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Why do Alzheimer's patients want to go home?

Asking to go home is a sign of anxiety, depression or simply feeling insecure. Going home stands for a place (in time and space), where the individual feels safe, loved, and happy. One might say he wants to go home, even though he is already in his home. It is not about a physical location.

Let me tell you a sweet story. It will show that a person suffering from Alzheimer’s, who is not in the here and now, unlike her husband.

An older woman asked her “husband” where had been her husband. She did not recognize him due to his old age and grey hair. Contrary, she remembered him in the past as a young man with blond hair.

Her husband figured out that she might not be in the same time and place like he is. So he told her politely, “He is out getting you a cake”.

This satisfied her and she replied: “I hope he asks for the chocolate cake”

Just a few minutes later she forgot that she even asked.

However, arguing with his wife that he is her husband would only make her afraid.

Probably she would not believe him anyway.

Table of Content
How to deal with an Alzheimer’s patient who wants to go home
Why Alzheimer's patients want to go home
List of Resources
About the Author

How to deal with an Alzheimer’s patient who wants to go home

Whenever your beloved person voices the desire to go home you can react following five steps, including (1) staying in the same room, (2) replying politely and showing respect, (3) waiting for a reply, (4) grabbing their attention with a new topic, and (5) being patient.

This procedure derives from my article “How to talk to someone with Alzheimer’s”.

Two approaches can be used.

Both of them have one thing in common. Creating an atmosphere of comfort and safety and not

arguing against the individual. Instead, finding solutions to help.

The next time your beloved one voices the desire to go home you can react as follows.

How to deal with an Alzheimer’s patient who wants to go home
5 Tips how to interact
1. Staying in the same room. Do not leave the room because it can create additional tension and feelings of insecurity for the patient. Remember the mindset is to create an atmosphere of comfort.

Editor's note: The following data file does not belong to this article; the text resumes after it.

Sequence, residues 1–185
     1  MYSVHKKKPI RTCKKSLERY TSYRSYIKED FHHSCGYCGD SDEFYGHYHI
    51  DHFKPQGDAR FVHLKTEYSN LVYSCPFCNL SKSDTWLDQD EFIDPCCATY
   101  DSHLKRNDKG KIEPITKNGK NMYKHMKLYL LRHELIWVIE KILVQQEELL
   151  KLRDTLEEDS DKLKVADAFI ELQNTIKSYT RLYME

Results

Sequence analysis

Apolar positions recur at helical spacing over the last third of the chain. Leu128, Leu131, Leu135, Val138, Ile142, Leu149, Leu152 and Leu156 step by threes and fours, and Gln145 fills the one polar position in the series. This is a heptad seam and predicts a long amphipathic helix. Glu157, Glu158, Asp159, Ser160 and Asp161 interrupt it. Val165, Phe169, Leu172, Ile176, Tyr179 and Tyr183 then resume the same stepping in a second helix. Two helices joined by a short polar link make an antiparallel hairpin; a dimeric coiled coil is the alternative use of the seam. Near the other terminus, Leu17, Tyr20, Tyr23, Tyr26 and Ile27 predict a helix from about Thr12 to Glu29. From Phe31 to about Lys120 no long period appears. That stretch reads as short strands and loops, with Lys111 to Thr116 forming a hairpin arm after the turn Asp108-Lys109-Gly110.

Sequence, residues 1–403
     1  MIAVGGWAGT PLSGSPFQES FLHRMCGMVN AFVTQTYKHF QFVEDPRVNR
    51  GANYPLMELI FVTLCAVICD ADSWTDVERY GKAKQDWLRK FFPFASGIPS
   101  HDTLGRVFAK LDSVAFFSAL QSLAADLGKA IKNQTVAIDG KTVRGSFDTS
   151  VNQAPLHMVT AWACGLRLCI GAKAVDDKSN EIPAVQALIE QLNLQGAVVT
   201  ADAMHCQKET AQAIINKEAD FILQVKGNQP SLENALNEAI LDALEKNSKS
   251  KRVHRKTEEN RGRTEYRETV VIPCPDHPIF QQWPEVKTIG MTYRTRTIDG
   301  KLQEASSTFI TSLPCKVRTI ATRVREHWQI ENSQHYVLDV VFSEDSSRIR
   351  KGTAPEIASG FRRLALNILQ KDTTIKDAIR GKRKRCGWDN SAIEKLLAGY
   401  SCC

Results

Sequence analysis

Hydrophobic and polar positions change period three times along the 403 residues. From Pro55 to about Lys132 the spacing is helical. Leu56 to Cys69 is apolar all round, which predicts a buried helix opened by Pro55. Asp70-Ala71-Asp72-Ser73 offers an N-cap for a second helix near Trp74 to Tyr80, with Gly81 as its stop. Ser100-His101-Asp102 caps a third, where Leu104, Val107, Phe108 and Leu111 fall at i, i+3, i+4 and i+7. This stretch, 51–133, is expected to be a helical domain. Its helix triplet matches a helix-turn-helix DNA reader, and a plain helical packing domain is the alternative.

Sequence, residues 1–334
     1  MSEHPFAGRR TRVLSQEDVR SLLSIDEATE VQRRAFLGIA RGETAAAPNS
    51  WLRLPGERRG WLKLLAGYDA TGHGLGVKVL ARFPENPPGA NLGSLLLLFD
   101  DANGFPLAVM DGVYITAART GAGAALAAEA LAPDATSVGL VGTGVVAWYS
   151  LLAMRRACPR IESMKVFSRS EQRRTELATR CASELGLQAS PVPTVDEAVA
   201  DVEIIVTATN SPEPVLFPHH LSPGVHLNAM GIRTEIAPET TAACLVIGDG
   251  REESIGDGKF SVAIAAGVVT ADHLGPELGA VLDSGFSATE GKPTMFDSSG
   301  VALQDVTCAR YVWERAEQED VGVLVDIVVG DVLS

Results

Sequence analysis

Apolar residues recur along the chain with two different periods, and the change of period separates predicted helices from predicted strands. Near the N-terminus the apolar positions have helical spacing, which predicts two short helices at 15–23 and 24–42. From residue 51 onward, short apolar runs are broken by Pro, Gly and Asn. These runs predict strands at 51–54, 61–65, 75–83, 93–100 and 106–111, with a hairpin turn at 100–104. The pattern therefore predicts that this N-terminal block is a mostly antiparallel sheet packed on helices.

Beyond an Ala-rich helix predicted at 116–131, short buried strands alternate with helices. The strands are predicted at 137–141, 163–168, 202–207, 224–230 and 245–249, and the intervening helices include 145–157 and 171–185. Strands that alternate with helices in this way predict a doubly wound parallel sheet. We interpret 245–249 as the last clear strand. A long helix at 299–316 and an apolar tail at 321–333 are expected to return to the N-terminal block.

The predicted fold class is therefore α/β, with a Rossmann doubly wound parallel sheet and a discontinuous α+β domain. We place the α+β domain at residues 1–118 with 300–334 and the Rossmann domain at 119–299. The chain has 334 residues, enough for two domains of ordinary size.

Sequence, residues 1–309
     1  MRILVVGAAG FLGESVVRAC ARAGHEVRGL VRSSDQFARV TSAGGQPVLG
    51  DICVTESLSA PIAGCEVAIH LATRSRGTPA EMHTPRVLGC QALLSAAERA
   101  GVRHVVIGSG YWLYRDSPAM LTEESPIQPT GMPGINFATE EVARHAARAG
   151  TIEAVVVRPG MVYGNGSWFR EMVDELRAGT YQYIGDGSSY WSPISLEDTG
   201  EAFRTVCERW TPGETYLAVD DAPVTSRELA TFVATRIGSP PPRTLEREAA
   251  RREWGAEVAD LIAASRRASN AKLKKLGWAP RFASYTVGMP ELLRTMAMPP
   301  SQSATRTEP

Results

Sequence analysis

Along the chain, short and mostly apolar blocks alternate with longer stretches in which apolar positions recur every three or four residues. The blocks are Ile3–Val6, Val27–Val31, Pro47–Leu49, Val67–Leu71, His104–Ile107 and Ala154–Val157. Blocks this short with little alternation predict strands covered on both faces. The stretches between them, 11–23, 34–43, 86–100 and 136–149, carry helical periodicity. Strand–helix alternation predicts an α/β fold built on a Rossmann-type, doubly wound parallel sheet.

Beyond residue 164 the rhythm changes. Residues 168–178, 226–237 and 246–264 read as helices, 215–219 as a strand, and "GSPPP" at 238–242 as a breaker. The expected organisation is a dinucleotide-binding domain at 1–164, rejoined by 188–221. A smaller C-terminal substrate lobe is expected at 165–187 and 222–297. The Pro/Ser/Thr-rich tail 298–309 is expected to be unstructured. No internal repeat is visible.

2. Replying politely and showing respect. It is key to take the wish seriously. You can do so by replying with comforting words like “Yes, I understand you” or “I hear you”. Try to imagine how it must feel to be in the wrong time and place. It certainly would make you feel anxious, too.
3. Waiting for a reply. Once you replied politely, wait for a reply. It is key to show your sympathies. In case one does not reply or voices the same desire again, you could reply: “Ok, how about we leave right away” or “How about you lead me the way”.
4. Grabbing their attention with a new topic. As soon as possible try to change the topic. Talk about something that could grab their attention or ask them an open question. This way they might forget they want to go home. And you can bring your beloved one back to their room.
5. Being patient. The entire time, from start to finish, be patient with the individual. Taking care of a person with Alzheimer’s is demanding. However, it is key to make the other person feel at ease and valued.

Why Alzheimer's patients want to go home

As mentioned in my answer paragraph, the feeling of being anxious, insecure, and simply being sad can trigger the behavior.

Home can stand for everything. For a place in childhood, where everything was safe and calm.

To a time, in which the person feels most at home. I could imagine a patient reminiscing about the first months of his marriage.

Besides space and time, it also can be representative of a feeling.

Remember this

From psychoanalysis, we know that most people associate subconsciously the word “home” with the feeling of belonging.

Then home can be friends from school or colleagues from work.

Let me give you another sweet example.

This time the wife is hallucinating and would say, “Look, here comes my colleague from work”.

The husband would just smile and reply, “Oh, how wonderful, is it, Tina, from the architecture studio?”.

His wife happily agrees and the husband makes a can of tea. Meanwhile, hearing his wife laughing and talking to herself.

After three minutes he is ready to serve it.

Taking two colorful cups, he would go into the living room and ask: “So does your colleague want to drink a cup of tea?”.

And she would reply: “Yes, with a spoon of sweet sugar.”

As you can see, even a hallucinated colleague can create a sense of belonging, too.

I find it particularly interesting, how a brain can create entire dialogues and hallucinations.

So here you have it. An entire procedure on how to deal with a common Alzheimer’s situation.

List of Resources

Patric Pförtner

B. Sc. Psychology

Hi, my name is Patric Pfoertner and I graduated 2020 from the NBU. Currently, I work and study in Germany. My specialisations are Cognitive Psychology paired with a good slack of Clinical Psychology. Just this year I started publishing my research in the CBB Journal. Feel free to read about it at ResearchGate. Otherwise, click the other button to read my full CV.

About Author ResearchGate

P.S.: I am available for psychological consultation, too.